New York Times reporter Peter Baker managed to peel himself away from the Mueller report long enough to lavish almost 1,400 words on a biography of the late first lady Barbara Bush, The Matriarch, on Thursday: “To Barbara Bush, Donald Trump Represented ‘Greed, Selfishness.’ The story’s text box expanded the argument: “Because of Mr. Trump, Mrs. Bush gave up on her party.” Baker reveled in Barbara Bush’s hostility toward Trump, and Nancy Reagan.
As Scott Whitlock noted Tuesday afternoon, CNN's perpetually aggrieved Jim Acosta was at it again, hinting at a conspiracy behind a lost broadcast connection: "I won’t read into why we lost connection just a few moments ago." Acosta's Tuesday whining shouldn't cause us to forget or ignore what he did on Monday, when he set a new low for journalistic rudeness by shouting questions at President Donald Trump during the White House Easter egg roll.
After seeing all the vitriolic nonsense being thrown at Donald Trump for being supposedly mentally ill, it’s easy to think back to Democrats’ original “mentally unfit” punching bag: President Ronald Reagan. Unfortunately for us, Fox’s Family Guy had the same idea with another joke aimed at the expense of both President Reagan and his wife Nancy.
The reception given to Sally Quinn's new book, Finding Magic, has been strangely quiet. Perhaps that's because the book shamelessly reveals that since 1973, if not earlier, Quinn, who was the nation's capital's de facto social gatekeeper for several decades, deceived the world about the true nature of her "religious" outlook, and did so with the help of the rest of the Washington press corps — that is, if one considers belief in the occult, practicing voodoo, and supposedly communicating with ghosts (sound familiar?) the foundations of a "religion."
The first episodes of the third season of Hulu’s Difficult People were comprised almost entirely of liberal tirades against conservative politicians. The show, which revolves around the lives of the self-absorbed Julie (Julie Klausner) and her gay friend Billy (Billy Eichner), had a field day delivering anti-conservative blows in its first three episodes, which were released on August 8.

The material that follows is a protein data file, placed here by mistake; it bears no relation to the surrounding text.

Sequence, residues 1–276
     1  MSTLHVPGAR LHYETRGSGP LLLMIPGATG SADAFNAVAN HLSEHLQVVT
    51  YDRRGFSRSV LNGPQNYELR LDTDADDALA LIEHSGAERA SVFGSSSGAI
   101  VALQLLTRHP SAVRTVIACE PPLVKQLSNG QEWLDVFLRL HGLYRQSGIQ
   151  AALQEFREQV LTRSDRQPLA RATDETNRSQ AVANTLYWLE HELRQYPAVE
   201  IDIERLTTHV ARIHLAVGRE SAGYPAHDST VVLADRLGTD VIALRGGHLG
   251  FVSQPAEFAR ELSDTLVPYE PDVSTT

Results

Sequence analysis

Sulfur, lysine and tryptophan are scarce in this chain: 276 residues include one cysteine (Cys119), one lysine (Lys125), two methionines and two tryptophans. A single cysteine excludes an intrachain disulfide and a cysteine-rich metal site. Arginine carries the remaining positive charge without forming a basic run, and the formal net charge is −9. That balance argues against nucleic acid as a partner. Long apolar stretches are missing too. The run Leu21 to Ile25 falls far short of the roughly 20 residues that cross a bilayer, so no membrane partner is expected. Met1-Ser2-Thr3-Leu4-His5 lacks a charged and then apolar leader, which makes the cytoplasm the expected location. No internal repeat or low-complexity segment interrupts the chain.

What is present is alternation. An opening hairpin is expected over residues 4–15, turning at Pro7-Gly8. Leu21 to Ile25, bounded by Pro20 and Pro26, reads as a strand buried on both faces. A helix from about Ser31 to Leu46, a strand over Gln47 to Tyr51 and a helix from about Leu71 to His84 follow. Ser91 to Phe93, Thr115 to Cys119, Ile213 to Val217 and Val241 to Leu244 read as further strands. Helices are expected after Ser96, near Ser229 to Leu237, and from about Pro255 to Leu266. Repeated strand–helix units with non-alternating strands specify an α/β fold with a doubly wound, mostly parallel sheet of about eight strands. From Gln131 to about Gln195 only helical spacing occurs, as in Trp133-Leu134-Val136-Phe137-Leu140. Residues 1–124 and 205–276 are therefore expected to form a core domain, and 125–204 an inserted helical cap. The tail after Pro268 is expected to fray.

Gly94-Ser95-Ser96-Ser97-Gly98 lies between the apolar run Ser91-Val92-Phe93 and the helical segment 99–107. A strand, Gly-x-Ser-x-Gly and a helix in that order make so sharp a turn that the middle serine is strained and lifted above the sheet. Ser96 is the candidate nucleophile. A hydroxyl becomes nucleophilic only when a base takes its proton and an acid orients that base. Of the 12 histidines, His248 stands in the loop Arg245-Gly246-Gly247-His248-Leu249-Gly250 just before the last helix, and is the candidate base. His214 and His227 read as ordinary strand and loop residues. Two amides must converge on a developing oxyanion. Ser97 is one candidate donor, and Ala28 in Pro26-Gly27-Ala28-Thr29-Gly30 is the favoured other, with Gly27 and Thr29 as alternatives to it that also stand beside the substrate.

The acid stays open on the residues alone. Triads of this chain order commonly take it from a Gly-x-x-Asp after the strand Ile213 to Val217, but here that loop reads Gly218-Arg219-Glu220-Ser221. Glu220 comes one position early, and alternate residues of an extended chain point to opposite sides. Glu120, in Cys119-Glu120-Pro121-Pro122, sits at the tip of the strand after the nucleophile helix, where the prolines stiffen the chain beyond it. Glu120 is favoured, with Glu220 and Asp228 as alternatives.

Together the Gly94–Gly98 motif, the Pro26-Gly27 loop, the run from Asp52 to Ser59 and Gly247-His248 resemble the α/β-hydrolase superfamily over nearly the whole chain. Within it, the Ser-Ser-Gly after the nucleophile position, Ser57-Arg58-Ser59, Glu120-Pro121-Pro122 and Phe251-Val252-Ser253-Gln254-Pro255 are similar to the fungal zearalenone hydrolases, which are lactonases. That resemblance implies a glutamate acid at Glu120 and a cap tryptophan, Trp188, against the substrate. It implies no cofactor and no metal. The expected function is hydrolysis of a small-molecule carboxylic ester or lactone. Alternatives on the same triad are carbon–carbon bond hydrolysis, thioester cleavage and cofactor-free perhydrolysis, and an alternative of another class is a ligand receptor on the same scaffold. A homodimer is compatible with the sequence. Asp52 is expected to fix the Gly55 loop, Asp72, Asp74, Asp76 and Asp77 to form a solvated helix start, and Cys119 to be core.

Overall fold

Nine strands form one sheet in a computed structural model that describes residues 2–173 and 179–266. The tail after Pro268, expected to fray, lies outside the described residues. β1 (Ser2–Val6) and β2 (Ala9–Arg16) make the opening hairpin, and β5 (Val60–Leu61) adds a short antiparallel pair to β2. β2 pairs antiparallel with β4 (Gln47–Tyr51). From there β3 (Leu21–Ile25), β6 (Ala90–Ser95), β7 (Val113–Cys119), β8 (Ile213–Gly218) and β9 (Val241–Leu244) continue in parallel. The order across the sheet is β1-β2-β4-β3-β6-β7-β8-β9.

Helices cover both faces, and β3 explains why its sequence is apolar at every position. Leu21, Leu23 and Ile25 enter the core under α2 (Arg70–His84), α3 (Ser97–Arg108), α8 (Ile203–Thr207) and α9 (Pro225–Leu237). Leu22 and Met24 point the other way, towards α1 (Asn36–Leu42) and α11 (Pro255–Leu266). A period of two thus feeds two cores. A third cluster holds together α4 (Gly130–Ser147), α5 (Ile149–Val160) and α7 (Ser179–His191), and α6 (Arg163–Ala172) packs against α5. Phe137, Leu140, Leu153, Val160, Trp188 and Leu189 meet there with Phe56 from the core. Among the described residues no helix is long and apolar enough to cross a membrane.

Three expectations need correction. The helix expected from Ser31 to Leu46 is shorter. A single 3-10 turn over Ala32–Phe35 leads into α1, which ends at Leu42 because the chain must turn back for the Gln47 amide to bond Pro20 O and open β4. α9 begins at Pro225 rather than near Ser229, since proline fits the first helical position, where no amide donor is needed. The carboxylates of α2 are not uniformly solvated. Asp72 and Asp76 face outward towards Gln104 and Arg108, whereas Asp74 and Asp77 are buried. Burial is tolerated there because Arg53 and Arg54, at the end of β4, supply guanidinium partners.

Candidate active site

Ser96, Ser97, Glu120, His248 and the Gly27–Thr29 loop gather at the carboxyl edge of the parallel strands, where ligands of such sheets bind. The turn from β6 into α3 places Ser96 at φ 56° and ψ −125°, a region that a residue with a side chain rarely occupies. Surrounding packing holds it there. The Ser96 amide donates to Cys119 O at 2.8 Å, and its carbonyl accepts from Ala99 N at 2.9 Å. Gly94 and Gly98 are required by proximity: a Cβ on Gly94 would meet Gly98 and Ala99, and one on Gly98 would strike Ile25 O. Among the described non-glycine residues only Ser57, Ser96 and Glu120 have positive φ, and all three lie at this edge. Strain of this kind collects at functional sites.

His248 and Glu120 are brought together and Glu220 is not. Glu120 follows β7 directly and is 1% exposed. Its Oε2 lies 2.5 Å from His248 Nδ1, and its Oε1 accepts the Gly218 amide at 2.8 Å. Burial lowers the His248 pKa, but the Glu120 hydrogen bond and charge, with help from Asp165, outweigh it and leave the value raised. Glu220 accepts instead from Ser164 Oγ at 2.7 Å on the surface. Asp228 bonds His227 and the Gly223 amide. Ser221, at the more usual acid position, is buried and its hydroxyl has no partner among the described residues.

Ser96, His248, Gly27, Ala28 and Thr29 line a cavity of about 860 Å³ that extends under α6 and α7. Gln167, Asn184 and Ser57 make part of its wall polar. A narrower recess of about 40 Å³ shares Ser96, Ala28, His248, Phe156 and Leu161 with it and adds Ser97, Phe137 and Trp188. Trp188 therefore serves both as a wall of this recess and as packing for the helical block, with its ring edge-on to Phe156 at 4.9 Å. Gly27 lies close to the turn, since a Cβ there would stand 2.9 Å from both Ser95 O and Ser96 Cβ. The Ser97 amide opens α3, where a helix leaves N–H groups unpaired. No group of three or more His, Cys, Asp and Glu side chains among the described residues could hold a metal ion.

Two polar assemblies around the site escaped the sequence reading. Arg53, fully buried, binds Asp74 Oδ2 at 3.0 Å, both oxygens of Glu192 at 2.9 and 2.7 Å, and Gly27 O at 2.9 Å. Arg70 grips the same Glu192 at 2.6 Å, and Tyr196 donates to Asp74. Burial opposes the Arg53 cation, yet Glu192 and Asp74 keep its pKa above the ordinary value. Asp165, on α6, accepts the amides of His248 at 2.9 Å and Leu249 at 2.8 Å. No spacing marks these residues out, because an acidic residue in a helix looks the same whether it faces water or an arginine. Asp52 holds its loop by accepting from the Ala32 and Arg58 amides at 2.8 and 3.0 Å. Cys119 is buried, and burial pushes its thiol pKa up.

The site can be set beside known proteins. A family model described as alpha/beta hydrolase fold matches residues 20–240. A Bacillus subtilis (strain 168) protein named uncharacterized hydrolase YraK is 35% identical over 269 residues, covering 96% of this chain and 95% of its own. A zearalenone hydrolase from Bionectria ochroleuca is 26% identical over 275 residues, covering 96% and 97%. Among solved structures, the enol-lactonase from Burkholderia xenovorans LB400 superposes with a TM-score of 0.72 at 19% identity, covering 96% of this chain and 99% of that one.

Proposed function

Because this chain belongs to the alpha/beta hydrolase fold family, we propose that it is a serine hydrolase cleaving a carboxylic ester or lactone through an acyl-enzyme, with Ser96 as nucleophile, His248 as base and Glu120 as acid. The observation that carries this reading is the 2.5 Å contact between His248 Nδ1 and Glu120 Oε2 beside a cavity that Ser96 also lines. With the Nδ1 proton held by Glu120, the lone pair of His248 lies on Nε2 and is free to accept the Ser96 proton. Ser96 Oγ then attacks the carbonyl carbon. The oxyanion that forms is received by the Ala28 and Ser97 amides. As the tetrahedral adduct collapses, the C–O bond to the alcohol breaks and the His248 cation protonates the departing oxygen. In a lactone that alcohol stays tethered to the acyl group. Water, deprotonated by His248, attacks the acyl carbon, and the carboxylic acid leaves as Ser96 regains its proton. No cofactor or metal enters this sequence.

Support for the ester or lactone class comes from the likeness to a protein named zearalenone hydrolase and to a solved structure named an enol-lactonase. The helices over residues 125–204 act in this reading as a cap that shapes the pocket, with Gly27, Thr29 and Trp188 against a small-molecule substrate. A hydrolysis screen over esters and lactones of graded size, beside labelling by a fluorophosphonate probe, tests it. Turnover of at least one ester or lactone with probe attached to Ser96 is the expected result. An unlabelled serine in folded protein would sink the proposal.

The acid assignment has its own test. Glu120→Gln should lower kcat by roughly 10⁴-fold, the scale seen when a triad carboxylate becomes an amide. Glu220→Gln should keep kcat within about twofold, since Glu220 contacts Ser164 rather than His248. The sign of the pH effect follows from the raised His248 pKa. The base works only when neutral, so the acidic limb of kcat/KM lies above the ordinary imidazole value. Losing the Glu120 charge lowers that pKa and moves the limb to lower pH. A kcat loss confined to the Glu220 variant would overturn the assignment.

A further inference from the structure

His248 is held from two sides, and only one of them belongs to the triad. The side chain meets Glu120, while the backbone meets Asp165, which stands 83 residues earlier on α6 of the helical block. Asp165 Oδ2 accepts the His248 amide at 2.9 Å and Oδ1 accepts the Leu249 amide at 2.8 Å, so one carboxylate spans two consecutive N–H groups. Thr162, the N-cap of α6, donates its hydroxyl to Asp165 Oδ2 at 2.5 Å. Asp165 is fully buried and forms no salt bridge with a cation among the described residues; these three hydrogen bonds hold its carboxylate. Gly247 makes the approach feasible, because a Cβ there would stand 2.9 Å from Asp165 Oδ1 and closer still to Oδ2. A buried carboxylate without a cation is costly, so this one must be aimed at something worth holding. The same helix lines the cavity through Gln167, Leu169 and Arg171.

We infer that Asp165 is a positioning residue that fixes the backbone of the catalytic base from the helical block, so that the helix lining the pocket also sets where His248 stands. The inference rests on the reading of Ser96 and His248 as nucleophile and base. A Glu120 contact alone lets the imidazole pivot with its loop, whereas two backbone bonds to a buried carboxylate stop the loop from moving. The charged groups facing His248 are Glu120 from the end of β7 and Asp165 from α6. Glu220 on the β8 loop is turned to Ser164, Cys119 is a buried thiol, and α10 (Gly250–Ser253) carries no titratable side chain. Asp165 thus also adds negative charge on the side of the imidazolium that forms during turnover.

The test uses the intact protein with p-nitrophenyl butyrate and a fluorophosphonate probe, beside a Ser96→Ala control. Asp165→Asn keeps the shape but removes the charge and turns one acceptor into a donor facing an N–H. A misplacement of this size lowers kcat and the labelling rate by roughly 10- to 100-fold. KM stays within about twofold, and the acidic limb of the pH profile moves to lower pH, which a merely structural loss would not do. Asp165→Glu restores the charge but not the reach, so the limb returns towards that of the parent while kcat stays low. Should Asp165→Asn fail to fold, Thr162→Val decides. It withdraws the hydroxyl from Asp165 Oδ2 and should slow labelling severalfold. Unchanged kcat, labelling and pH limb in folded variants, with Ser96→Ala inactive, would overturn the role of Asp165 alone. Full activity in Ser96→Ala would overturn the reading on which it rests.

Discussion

Netflix premiered its new original show GLOW on Friday, June 23. GLOW stands for “Gorgeous Ladies of Wrestling,” and though the show is inspired by the real-life GLOW from the 80’s, the fictionalized version differs greatly from the original.
For the second time this season, President Kirkman on ABC’s Designated Survivor has been compared to President Ronald Reagan. On Wednesday's episode, "Warriors," Kirkman is recovering from a sniper assassination attempt. After learning both the country and stock market are in a panic, he is determined to restore their confidence and does so by waving to the public from his hospital room window.
There seems to be a contest for mean-spirited sentences in the liberal media after Nancy Reagan's death, and a page in the British "news" magazine The Economist could be entered in a vote for Best Sneering at the Dead. Their article was titled "Keeping Control," and it was all about how Mrs. Reagan was a rigid control freak who naturally grew furious when ever anyone crossed her best-laid plans:
Why does it take death to bring us together? Why not life? Watching Nancy Reagan's funeral on television, the front-row tableau was a picture of unity, in form, if not in substance. There was Gov. Jerry Brown of California, a Democrat, Michelle Obama (D), former President George Bush (R), Laura Bush (R), Hillary Clinton (D), Rosalyn Carter(D) and Caroline Kennedy (D). Democrats and Republicans sat together in common purpose, if not on common ground.
The Washington Post “Fact Checker” should really be turned on his own newspaper. Post writer Dan Zak penned a nasty-gram trashing the recently deceased Nancy Reagan, with this headline on the front of the Style section. “How Nancy Reagan just said no on HIV/AIDS.” Then there was the online headline: “On drugs, Nancy Reagan just said no. On AIDS, she said nothing.”
Zak implied that somehow Mrs. Reagan lifted no fingers on AIDS – and neither did her president’s entire administration.
Hillary Clinton broke a cardinal rule of the angry left –saying something nice about a Republican who recently passed away. After she was savaged for saying Nancy Reagan had been out front in confronting AIDS, an angry backlash ensued, and Clinton quickly fell into line. Reporter Amy Chozick really let the leftist insults fly in the longer online version, hitting both the Reagans and Hillary in a nasty tone, under the solemn circumstances: "The problem with Mrs. Clinton’s compliment: It was the Reagans who wanted nothing to do with the disease at the time." Then she quoted notorious Reagan-hater Larry Kramer.
Appearing as a guest on CNN Friday afternoon to discuss the funeral of former First Lady Nancy Reagan, CNN political commentator Carl Bernstein at one point characterized her position on stem cell research as "to hell with" the "Republican right-wing shibboleth that stem cell research was off limits for religious reasons." Neither Bernstein nor host Brooke Baldwin made a distinction between research on adult stem cells -- which Republicans like President George W. Bush were in favor of funding with tax dollars -- and research using human embryos which Republicans generally opposed supporting with tax dollars.